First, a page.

7 common mistakes youth workers make in their first year
RACHEL DOHERTY
Social worker, teacher and the founder of Tweens2teen
Have you just started as a youth worker? Make your mark with young people by avoiding these seven mistakes.

I’ve seen lots of youth workers start their careers, and always marvel at the two ways people seem to approach it. It’s like the fable of the hare and the tortoise. You know the one, right?

Some youth workers are like the hare and rush into the job. They seem so capable. Unstoppable! Right from the first day they seem do great things. But in all that action they make mistakes.

“Mistakes are the bridge between inexperience and wisdom.”
PHYLLIS THEROUX

Then there’s the other youth workers who are more like the tortoise.

They take a more measured approach to starting out. Getting to know the people they work with and getting a feel for the culture too. And like the fable of old, they often end up the same. The tortoise youth worker builds layers of impact, creating a legacy in their work. While the hare often burns out all too quickly, not quite living up to all that promise.

So whether you’re starting out, or well advanced in your career, avoid these mistakes that come with the hare approach.

What to avoid in your first year of youth work

If your natural inclination is to rush into a new job, then look out for these seven mistakes:

1. Trying to do too much

Everyone wants to make a good first impression and youth workers are no different. It’s easy to get caught up in pleasing people that you say “yes” to every request. But that road leads to burnout.

Be helpful, be keen, but also be discerning. Stick to your role and leave others to do their own.

2. Treating your current job as a stepping stone

Most youth work roles are about relationships. Building trust with young people and journeying beside them as they tackle life. It’s hard to do that if you enter the role with a short term mindset.

If you’re not thinking this is a role you can do for a couple of years, then don’t immerse yourself in it. Concentrate on building links between people in the community, not strong relationships with you. Think about how you can leave things better than when you got there.

“Success does not consist of never making mistakes but of never making the same one a second time.” – George Bernard Shaw

3. Trying to be friends with the kids

Youth work is about being friendly to young people, not their friend. You’re a support worker in their life that has a job to do. Be approachable, but also seen as a person of substance. Make sure that the work you do, particular the fun parts hanging out with kids, link to your role description.

It’s fine to spend a lot of time playing games but be able to explain the purpose behind what you’re doing. If you’re already seen as a bit of a big kid, have a look at my article on to ditch the “king of the kids” tag.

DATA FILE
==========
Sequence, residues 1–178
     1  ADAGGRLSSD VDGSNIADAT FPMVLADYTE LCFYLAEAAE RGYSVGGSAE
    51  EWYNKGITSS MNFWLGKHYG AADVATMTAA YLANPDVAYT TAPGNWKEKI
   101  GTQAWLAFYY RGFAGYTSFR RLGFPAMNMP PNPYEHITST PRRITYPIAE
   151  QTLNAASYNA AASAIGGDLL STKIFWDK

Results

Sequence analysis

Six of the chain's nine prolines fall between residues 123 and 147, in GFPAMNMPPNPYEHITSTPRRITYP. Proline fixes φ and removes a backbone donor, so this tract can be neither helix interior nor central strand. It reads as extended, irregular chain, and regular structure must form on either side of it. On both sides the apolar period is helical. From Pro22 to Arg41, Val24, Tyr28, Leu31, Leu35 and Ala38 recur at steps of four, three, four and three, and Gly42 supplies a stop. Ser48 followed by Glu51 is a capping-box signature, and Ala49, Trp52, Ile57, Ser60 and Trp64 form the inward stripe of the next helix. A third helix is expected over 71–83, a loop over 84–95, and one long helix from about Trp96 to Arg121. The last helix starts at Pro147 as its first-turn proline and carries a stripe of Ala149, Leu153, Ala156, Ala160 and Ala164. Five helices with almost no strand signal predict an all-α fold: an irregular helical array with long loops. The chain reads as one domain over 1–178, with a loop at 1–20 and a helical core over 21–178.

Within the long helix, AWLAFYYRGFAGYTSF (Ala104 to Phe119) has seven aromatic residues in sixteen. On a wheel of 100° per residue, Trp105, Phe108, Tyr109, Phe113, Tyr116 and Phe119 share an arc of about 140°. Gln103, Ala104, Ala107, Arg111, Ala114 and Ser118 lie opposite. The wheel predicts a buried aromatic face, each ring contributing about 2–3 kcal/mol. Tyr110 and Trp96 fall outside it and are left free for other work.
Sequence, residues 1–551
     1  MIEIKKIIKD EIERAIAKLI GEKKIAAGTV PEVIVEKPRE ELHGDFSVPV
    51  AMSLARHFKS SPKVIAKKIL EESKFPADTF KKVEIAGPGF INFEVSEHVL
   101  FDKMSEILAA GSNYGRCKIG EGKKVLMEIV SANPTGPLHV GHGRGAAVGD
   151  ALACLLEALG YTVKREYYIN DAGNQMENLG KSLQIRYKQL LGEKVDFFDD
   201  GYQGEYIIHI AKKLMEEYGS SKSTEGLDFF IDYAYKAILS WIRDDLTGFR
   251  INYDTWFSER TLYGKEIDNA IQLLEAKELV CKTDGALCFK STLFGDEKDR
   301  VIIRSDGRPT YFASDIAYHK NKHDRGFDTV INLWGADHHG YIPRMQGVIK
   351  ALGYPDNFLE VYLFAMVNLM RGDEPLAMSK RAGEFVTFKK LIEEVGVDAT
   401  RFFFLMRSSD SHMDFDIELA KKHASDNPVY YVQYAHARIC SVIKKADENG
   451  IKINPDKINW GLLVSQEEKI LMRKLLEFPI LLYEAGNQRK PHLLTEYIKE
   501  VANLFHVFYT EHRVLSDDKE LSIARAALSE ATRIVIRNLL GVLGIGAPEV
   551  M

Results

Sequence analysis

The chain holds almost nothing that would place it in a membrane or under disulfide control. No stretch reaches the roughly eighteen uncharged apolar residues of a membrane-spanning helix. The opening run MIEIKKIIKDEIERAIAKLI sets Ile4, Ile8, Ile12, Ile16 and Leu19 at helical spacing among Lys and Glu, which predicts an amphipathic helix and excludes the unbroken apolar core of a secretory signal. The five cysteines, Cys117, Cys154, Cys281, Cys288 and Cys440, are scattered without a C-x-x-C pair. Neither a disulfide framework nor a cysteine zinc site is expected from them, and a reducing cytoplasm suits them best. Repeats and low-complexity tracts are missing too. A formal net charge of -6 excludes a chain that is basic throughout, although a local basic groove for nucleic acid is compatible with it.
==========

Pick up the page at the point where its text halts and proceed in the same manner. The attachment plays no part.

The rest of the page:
4. Missing the importance of context

Working with young people draws on a body of theory shared with social work and community work. Most people enter a youth work role after some studies where they dig deep into these theories. But the way you work with people in a particular role is less about knowledge and more about context. The first year as a youth worker should be all about getting to know your community. Not only the

The first year as a youth worker should be all about getting to know your community. Not only the organisation you work for, but the broader community. Learn about local services, people of influence and where the young people hang out.

5. Getting ahead of yourself

It’s easy to see how other, more experienced workers do things and try to copy that. But youth work is about building relationships and respect. That’s far more important in the first year or two than what programs you run.

6. Not making time for the paperwork

Most people who get into youth work are people-people. They get their energy from interacting with others. The flipside of this is that a lot of youth workers don’t enjoy paperwork, so they put it off. Get into the habit of setting aside time each week to empty your email inbox. Sort through bills that need paying and write up any reports or case notes that need doing. Being

Get into the habit of setting aside time each week to empty your email inbox. Sort through bills that need paying and write up any reports or case notes that need doing. Being organised helps you come across as a professional. This will be important later on when you’re going for a higher level job, or wanting support for a program. If paperwork isn’t a strength for you, read my article on the five paperwork mistakes youth workers make.

7. Forgetting self-care

There’s lots of energy when you start a new job. It’s exciting and there are so many things to do. But if you don’t pace yourself well, you can find yourself running out of oomph by the end of your first year.

Youth work also takes an emotional toll. Some kids have very challenging lives. You get to journey beside them, but you can’t always step in and rescue them. That can be hard on your heart.

Self-care is an essential part of good youth work. Make time to reflect on your practice, plan what you’re doing and gather new skills. Professional supervision is a must if you want to stay well. Just once every couple of months can make a difference to how you process your work and keep life balanced.

Being a hare or a tortoise comes down to personality more than intention. But taking time to think about and avoid these mistakes will make any youth worker a better practitioner. They’ll help you stay in the race to the finish.

Is one of these mistakes a feature of your journey in youth work? It’s not too late to do something about it. Chat to your professional supervisor. If you don’t have one, then perhaps it’s time to try it – have a look at what I do, I’d love to help you out.

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